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Our Expert Voices conversation on what comes next in Iran vs. Saudi Arabia.

The Saudi-Iran rivalry is less an ancient religious conflict and more a modern geopolitical proxy war cloaked in ethnic (Arab vs. Persian) and sectarian (Sunni vs. Shia) garb. The two countries are on opposing sides of horrific conflicts—in Syria, Yemen, and Iraq—that have caused over a million civilian casualties, the greatest refugee crisis since WWII, and the proliferation of Sunni Jihadist groups such as ISIS and Shiite militias to counter them.

The most powerful man in each country—78-year-old Iranian Supreme Leader Ayatollah Ali Khamenei and 31-year-Saudi Crown Prince Mohammed bin Salman (MBS)—are a study in contrasts. Khamenei is a deeply traditional cleric who cautiously rules a predominantly modern society; MBS has a modern outlook and bold ambitions but presides over a deeply traditional society.

The bottom line: Khamenei's death has been anticipated for over a decade, but it's equally plausible he and MBS will spend the next decade vying for preeminence in the Middle East. The cynicism of an autocrat who has ruled for 28-years, coupled with the assertiveness of a young leader eager to prove himself, means their rivalry is more likely to escalate rather than deescalate.

Other voices in the conversation:

Go deeper

8 hours ago - World

Maximum pressure campaign escalates with Fakhrizadeh killing

Photo: Fars News Agency via AP

The assassination of Mohsen Fakhrizadeh, the architect of Iran’s military nuclear program, is a new height in the maximum pressure campaign led by the Trump administration and the Netanyahu government against Iran.

Why it matters: It exceeds the capture of the Iranian nuclear archives by the Mossad, and the sabotage in the advanced centrifuge facility in Natanz.

Scoop: Biden weighs retired General Lloyd Austin for Pentagon chief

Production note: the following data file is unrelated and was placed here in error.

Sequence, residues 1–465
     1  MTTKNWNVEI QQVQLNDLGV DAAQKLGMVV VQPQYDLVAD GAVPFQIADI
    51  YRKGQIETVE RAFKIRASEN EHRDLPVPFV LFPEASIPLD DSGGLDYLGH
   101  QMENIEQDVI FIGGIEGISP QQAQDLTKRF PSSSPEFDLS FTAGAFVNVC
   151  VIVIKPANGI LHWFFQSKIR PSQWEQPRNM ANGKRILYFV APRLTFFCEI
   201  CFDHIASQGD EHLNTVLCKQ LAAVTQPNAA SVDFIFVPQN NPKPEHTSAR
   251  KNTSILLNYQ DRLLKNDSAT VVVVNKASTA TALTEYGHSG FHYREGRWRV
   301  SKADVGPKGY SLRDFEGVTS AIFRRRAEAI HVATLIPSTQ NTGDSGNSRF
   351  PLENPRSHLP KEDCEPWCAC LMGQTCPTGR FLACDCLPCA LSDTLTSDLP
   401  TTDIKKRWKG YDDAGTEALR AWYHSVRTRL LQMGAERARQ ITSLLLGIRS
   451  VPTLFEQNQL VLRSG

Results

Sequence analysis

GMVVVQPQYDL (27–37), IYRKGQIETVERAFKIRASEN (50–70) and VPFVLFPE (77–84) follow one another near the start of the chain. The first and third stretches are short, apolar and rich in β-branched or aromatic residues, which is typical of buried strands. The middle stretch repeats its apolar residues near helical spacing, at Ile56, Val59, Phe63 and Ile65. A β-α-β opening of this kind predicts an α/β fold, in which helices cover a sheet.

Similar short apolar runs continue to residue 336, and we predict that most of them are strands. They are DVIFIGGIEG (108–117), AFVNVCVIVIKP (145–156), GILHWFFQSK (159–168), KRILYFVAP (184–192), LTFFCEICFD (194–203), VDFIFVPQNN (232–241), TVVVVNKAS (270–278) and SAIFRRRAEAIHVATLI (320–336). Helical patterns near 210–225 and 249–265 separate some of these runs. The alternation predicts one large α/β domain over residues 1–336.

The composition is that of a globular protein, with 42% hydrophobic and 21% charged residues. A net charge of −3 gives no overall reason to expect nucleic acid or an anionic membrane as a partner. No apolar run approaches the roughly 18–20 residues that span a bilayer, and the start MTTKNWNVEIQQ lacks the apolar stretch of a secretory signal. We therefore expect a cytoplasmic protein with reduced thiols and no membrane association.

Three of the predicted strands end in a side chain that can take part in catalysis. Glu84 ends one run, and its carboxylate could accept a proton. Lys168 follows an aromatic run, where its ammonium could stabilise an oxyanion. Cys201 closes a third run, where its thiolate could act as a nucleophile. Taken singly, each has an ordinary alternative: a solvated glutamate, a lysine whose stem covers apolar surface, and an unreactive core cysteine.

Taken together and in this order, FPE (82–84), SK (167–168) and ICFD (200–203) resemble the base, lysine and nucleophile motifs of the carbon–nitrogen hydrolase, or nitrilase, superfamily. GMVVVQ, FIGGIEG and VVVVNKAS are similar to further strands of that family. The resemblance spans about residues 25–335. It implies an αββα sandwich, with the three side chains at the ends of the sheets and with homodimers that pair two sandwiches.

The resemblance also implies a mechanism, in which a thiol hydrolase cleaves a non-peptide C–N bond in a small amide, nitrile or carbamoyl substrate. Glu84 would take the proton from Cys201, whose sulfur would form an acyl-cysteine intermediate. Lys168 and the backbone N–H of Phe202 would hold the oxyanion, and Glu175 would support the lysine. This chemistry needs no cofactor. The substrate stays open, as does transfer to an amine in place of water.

Lloyd Austin testifying before Congress in 2015. Photo: Chip Somodevilla/Getty Images

Joe Biden is considering retired four-star General Lloyd Austin as his nominee for defense secretary, adding him to a shortlist that includes Jeh Johnson, Tammy Duckworth and Michele Flournoy, two sources with direct knowledge of the decision-making tell Axios.

Why it matters: A nominee for Pentagon chief was noticeably absent when the president-elect rolled out his national security team Tuesday. Flournoy had been widely seen as the likely pick, but Axios is told other factors — race, experience, Biden's comfort level — have come into play.

Updated 10 hours ago - Politics & Policy

Coronavirus dashboard

Illustration: Sarah Grillo/Axios

  1. Health: WHO: AstraZeneca vaccine must be evaluated on "more than a press release."
  2. Politics: Supreme Court backs religious groups on New York COVID restrictions.
  3. World: Thailand, Philippines sign deal with AstraZeneca for vaccine.
  4. Economy: Safety nets to disappear in December Black Friday shopping across the U.S., in photosAmazon hires 1,400 workers a day throughout pandemic.
  5. Education: National standardized tests delayed until 2022.